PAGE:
Oil prices are surging again, but the Strategic Petroleum Reserve remains near 40-year lows.
Last year, the Biden administration drained 180 million barrels from the SPR as oil prices soared.
Oil’s latest uptick has raised fears of persistent inflation and the possibility of more Fed rate hikes.
Oil prices are surging again, but the Biden administration’s biggest weapon for bringing them down has much less ammunition.
Last year, the federal government drained 180 million barrels from the Strategic Petroleum Reserve as oil prices soared in the aftermath of Russia’s invasion of Ukraine and the turmoil in energy markets that followed.
Flooding the market with all that supply helped bring oil prices down — and helped cool inflation, which had shot up as well.
Earlier this year, the administration took some steps to start refilling the SPR. But while it has ticked up slightly, the level remains near 40-year lows at about 350 million barrels. That’s less than half of the all-time highs from 2010 and about 40% below where it was when the withdrawals began.
“America’s SPR is the largest in the world and stands ready to deliver on its mission to respond to future supply disruptions, providing relief when needed most,” a spokesperson for the Energy Department said in a statement to Insider.
But the department didn’t specifically address questions on whether the Biden administration plans fresh withdrawals and how much scope the SPR has for additional drawdowns.
Another US stockpile of oil comes from commercial inventories, which sit at 416.6 million barrels. But that source tends to be more volatile than the SPR and has dropped 21% from a year ago.
Meanwhile, Brent crude prices recently hit a 10-month high, having jumped more than 20% since late June, and US gasoline prices hit their highest summertime levels in over a decade, even as the driving season has ended.
That came as Saudi Arabia and Russia announced they would prolong their oil production cuts for another three months until December.
The stock market has started to feel the ripple effects from rising oil prices. With prices for crude and refined fuels shooting up, investors are growing more concerned that inflation could re-accelerate after more than a year of slowing down.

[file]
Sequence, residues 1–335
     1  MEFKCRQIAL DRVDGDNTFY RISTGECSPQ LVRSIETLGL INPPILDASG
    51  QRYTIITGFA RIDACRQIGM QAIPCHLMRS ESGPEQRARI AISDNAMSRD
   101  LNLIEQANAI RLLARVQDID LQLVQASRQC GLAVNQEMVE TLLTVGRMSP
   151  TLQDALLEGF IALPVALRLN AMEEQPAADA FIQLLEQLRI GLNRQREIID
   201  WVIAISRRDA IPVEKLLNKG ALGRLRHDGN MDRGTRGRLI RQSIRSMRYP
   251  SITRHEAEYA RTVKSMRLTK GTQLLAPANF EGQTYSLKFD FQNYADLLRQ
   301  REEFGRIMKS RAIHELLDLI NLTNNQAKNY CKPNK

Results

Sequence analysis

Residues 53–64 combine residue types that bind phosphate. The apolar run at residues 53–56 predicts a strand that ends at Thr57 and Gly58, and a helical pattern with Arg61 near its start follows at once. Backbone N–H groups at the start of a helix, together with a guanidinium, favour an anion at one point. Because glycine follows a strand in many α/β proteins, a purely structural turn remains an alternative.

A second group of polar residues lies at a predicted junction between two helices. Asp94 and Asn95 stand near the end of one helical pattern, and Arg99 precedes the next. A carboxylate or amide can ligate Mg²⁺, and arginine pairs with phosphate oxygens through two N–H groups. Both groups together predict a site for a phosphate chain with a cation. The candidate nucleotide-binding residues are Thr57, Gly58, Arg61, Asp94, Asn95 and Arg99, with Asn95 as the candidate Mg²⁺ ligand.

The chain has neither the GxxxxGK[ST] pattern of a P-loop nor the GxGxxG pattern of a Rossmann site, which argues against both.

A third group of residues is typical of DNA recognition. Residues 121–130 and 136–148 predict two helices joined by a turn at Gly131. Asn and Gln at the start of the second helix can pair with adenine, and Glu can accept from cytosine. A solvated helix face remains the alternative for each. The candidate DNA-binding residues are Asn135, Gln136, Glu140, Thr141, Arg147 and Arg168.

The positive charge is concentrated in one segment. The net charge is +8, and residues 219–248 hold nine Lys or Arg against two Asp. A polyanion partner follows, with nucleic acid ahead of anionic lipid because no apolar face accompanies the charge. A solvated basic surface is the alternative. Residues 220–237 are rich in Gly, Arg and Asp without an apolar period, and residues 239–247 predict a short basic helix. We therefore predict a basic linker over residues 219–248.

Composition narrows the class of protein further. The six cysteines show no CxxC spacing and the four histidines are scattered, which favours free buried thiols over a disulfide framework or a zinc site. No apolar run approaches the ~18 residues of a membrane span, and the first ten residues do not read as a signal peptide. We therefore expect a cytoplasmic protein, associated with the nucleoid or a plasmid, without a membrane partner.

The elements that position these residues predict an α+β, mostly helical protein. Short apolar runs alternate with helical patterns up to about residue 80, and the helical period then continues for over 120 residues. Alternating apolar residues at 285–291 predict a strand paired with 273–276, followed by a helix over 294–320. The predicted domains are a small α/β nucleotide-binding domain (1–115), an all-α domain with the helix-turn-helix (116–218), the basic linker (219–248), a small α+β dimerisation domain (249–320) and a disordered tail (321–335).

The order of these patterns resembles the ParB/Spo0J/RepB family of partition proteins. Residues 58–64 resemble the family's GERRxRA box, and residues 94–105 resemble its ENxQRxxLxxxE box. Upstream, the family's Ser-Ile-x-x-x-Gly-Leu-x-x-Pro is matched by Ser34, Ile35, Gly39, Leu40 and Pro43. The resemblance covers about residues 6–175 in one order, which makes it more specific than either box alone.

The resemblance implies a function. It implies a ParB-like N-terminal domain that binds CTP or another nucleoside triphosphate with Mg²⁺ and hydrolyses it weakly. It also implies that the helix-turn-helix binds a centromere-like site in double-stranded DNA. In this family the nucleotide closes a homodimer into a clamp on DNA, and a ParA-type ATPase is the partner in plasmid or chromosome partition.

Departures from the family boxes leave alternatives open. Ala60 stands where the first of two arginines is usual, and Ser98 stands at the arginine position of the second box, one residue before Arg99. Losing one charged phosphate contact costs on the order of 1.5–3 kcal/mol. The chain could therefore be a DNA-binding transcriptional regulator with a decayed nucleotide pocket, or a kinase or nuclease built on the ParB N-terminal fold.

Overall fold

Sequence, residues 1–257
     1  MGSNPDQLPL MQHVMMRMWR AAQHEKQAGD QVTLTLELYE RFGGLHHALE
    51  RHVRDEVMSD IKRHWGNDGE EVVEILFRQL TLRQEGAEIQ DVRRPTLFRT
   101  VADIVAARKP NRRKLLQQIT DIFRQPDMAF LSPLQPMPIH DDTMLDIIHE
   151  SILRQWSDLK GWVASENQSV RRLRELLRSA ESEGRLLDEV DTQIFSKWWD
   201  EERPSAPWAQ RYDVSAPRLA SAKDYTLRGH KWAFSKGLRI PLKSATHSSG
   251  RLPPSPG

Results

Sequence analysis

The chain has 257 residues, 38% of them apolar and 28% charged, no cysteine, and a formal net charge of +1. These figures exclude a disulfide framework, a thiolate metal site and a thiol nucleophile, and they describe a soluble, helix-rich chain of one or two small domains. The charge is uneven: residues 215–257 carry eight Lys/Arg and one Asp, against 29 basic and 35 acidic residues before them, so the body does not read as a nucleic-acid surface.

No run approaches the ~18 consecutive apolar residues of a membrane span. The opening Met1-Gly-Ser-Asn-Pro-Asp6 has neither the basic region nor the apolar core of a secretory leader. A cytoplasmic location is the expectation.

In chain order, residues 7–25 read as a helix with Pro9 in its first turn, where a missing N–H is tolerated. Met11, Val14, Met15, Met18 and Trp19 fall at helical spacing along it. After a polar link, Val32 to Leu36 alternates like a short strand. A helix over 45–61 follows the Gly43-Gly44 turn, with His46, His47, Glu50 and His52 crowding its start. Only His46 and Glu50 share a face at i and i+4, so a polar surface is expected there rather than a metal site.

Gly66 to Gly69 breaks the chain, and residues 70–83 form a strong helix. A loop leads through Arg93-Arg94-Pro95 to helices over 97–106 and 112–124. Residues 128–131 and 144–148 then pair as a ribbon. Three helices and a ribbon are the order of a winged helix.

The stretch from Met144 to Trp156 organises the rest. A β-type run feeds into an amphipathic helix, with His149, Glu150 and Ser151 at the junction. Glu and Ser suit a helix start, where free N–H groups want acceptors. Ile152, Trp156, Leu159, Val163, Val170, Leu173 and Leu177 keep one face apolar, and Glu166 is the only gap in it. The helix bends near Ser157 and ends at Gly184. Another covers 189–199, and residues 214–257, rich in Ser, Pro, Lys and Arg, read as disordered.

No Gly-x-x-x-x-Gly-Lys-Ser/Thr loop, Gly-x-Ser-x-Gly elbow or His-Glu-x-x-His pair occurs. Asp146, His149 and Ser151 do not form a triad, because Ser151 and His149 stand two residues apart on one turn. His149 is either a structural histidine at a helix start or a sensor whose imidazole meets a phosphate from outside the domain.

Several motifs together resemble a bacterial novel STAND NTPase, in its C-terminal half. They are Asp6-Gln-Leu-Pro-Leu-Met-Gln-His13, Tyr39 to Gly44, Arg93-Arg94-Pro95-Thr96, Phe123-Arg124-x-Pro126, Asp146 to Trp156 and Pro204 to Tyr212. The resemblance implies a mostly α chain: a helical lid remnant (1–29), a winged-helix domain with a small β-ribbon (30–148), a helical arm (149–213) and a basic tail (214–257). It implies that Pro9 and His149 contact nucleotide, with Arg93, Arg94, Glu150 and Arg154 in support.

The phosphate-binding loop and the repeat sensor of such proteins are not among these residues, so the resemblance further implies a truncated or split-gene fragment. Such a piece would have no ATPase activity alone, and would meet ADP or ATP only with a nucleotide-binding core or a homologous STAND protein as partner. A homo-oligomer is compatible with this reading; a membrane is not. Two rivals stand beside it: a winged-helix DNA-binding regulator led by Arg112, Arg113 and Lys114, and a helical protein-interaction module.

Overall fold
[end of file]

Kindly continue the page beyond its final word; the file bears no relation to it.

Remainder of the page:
And that could force the Federal Reserve to keep benchmark rates higher for longer, or even raise them further.
For now, the SPR looks to be a non-factor. Last month, the Biden administration canceled plans to add 6 million barrels back in the reserve, saying the price of oil at the time didn’t offer taxpayers a good deal. Prices have since continued to march higher.
And Congress nixed its earlier plans to sell 140 million barrels from the SPR over the next three years in a spending bill that was passed in December.
To be sure, the US can also pump plenty of oil. It became the world’s biggest oil producer over the last two decades as the shale boom unlocked huge volumes in Texas, New Mexico, and North Dakota.
But the Energy Department recently estimated that the top US shale regions will continue pumping less oil this month, after hitting a record high in July.
And over the longer term, the productive capacity of shale wells is looking less robust. Research firm Enverus recently said that the natural drop-off rate in a well’s output is much steeper than originally thought. So oil companies must drill new wells at a faster clip just to keep output steady.
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